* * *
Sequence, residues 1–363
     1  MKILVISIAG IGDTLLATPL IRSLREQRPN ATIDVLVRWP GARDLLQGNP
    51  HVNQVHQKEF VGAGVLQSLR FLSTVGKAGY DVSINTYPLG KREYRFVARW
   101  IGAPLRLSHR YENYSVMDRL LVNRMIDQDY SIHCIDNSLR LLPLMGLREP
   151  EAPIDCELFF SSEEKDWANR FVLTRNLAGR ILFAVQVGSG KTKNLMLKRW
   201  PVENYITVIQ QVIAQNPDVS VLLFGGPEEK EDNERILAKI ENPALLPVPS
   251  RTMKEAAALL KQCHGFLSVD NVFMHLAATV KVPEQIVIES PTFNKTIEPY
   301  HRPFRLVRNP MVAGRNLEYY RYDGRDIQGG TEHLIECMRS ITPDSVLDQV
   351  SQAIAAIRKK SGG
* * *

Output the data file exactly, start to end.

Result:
Sequence, residues 1–363
     1  MKILVISIAG IGDTLLATPL IRSLREQRPN ATIDVLVRWP GARDLLQGNP
    51  HVNQVHQKEF VGAGVLQSLR FLSTVGKAGY DVSINTYPLG KREYRFVARW
   101  IGAPLRLSHR YENYSVMDRL LVNRMIDQDY SIHCIDNSLR LLPLMGLREP
   151  EAPIDCELFF SSEEKDWANR FVLTRNLAGR ILFAVQVGSG KTKNLMLKRW
   201  PVENYITVIQ QVIAQNPDVS VLLFGGPEEK EDNERILAKI ENPALLPVPS
   251  RTMKEAAALL KQCHGFLSVD NVFMHLAATV KVPEQIVIES PTFNKTIEPY
   301  HRPFRLVRNP MVAGRNLEYY RYDGRDIQGG TEHLIECMRS ITPDSVLDQV
   351  SQAIAAIRKK SGG